Gibbs began his Breathe Life series in 2017 with a mural of a young boy located in Dorchester’s Grove Hall neighborhood, where his own artistic journey began in middle school. The second mural, painted in 2019, portrays the boy with his sister and can be found in Lower Roxbury, where the artist grew up. The new Breathe Life mural—the MFA project—centers the sister, depicting the young girl enveloped in a giant bubble and surrounded by ideas and knowledge from artists that came before her, in the form of books emanating from her backpack. Students from Madison Park High School and Artists for Humanity—the arts nonprofit that Gibbs co-founded in 1991—worked with the artist on the earliest stages of the project. Gibbs guided his young collaborators through the artistic process, introducing them to the thought, looking, and research involved in designing a work of art, as well as the practical and technical challenges of creating depth, energy, and meaning on the walls of a building.
“It signals the beginning of a ‘new day’ in the MFA’s 150-year history to welcome these two incredibly talented Black men, both of whom grew up mere miles away, as artists-in-residence and to help shape our thinking around Boston’s first Basquiat exhibition.
The Museum has the ability to shape the cultural sector, but more importantly, we have the opportunity to be shaped by the culture that surrounds us,” said Makeeba McCreary, Patti and Jonathan Kraft Chief of Learning and Community Engagement. “I look forward to welcoming the many young people from our city who will now find themselves here because of Rob and Rob’s generosity to be our thoughtful partners.”
Originally scheduled to open at the MFA in April 2020, Writing the Future: Basquiat and the Hip-Hop Generation is the first major exhibition to chart Basquiat’s relationship to early hip-hop culture and the first exhibition of the artist’s work in Boston. The show eventually opened in October, 2020 and is scheduled to remain up through May 16, 2021.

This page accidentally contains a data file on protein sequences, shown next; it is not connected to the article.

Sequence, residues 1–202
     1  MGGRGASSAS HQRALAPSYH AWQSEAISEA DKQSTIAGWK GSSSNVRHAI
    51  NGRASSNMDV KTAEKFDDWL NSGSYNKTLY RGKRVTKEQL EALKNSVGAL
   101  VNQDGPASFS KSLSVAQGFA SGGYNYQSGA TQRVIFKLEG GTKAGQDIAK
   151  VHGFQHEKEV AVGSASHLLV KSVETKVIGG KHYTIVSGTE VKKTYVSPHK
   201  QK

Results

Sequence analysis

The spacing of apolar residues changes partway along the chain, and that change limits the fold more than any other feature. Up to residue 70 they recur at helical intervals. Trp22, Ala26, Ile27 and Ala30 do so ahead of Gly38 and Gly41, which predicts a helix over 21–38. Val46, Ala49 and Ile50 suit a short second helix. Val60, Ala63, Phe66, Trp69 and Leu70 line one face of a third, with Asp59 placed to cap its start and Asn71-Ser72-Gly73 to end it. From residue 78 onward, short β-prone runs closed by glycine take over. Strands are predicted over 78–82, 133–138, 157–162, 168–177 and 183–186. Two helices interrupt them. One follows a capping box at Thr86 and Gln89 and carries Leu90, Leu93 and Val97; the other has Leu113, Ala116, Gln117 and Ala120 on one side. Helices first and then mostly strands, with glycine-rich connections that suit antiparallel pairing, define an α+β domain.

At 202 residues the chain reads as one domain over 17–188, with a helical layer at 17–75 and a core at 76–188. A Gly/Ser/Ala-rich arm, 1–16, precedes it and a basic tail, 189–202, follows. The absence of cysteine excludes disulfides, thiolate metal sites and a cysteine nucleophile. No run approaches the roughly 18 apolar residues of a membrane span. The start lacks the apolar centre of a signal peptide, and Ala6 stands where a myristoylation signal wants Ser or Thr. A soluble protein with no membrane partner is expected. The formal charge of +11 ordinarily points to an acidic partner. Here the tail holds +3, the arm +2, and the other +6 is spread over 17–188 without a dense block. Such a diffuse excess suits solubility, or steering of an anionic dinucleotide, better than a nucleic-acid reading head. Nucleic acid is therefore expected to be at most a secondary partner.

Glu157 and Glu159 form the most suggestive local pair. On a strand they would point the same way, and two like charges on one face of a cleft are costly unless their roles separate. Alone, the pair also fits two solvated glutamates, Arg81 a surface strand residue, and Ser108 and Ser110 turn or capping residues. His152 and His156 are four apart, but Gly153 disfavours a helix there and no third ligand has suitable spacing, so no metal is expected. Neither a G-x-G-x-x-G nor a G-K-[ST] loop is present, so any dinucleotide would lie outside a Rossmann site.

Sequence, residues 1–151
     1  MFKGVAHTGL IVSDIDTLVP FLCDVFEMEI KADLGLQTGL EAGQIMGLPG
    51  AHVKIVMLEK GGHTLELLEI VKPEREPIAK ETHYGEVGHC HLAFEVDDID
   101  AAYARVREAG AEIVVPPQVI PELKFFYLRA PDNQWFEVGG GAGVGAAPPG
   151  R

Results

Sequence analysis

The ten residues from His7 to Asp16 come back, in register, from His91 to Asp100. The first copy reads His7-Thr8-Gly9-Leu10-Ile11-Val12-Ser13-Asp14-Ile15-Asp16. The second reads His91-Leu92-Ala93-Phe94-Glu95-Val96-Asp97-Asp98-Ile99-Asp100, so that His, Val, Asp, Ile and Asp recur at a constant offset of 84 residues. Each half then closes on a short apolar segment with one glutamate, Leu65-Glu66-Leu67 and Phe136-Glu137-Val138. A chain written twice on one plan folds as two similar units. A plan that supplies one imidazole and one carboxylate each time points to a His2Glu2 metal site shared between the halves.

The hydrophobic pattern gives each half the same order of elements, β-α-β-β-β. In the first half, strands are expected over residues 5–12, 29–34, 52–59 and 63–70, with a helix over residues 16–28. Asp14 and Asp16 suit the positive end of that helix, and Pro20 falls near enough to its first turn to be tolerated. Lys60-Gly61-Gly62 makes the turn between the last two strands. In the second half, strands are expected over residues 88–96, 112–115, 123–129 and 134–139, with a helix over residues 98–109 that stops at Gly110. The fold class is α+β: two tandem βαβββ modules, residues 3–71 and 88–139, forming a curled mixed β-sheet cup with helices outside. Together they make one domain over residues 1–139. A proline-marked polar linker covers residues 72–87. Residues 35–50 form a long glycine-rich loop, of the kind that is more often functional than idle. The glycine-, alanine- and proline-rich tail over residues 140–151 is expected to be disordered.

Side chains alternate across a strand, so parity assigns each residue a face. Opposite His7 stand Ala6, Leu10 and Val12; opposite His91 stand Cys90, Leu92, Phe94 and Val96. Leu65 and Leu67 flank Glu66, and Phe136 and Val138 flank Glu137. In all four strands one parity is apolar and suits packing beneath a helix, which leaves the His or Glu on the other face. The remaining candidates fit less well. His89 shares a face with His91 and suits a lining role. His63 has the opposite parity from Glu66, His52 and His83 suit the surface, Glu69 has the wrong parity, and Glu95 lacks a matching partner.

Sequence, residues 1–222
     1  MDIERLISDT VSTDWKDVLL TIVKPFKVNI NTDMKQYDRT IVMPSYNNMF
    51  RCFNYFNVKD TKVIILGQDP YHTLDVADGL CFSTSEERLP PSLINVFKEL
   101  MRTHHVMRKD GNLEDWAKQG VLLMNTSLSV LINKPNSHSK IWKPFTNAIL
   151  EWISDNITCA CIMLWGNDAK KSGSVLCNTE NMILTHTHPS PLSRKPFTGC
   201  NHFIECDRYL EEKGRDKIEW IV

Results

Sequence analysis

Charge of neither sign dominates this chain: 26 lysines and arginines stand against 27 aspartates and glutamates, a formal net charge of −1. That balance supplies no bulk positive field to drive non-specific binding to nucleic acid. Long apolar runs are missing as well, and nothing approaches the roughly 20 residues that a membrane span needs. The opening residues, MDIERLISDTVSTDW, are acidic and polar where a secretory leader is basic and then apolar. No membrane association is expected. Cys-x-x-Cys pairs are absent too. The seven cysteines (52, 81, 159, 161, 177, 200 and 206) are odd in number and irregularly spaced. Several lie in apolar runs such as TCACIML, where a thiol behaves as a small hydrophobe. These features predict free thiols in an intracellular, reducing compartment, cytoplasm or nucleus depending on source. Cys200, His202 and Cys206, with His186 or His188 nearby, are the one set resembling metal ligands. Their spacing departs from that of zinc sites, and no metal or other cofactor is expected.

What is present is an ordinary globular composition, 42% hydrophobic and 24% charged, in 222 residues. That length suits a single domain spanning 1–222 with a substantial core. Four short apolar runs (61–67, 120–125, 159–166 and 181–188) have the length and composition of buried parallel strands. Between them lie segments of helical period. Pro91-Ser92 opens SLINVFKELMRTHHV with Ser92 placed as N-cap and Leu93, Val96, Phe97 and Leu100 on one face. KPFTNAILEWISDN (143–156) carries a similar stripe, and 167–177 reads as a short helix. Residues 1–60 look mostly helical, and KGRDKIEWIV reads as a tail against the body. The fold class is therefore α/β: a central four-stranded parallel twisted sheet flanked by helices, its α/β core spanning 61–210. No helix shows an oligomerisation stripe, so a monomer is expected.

In the early 1980s, Basquiat and his peers A-One, ERO, Fab 5 Freddy, Futura, Keith Haring, Kool Koor, LA2, Lady Pink, Lee Quiñones, Rammellzee and Toxic were among the prophetic founders of post-graffiti: a transformational and insurgent movement in contemporary American art. The exhibition positions this group of artists—who transitioned their work from New York City’s walls and subway trains onto canvas and into the predominantly white art world—as multidisciplinary pioneers whose subversive abstractions of visual and verbal language fueled new directions in fine art, design and sound. While the MFA was closed, elements of the exhibition—including images of artworks, wall texts, a curated Spotify playlist, video content and more—were added to the museum's website.
The Community Mural Initiative is supported by the Carl and Ruth Shapiro Family Foundation and The Boston Foundation. Sponsored by Converse. Additional support from the Darwin Cordoba Fund, the Museum Council Artist in Residency Fund, the Museum Council Community Mural Fund, and Robert and Pamela Adams. This program is supported in part by the Transformative Public Art grant from the City of Boston Mayor’s Office of Arts and Culture.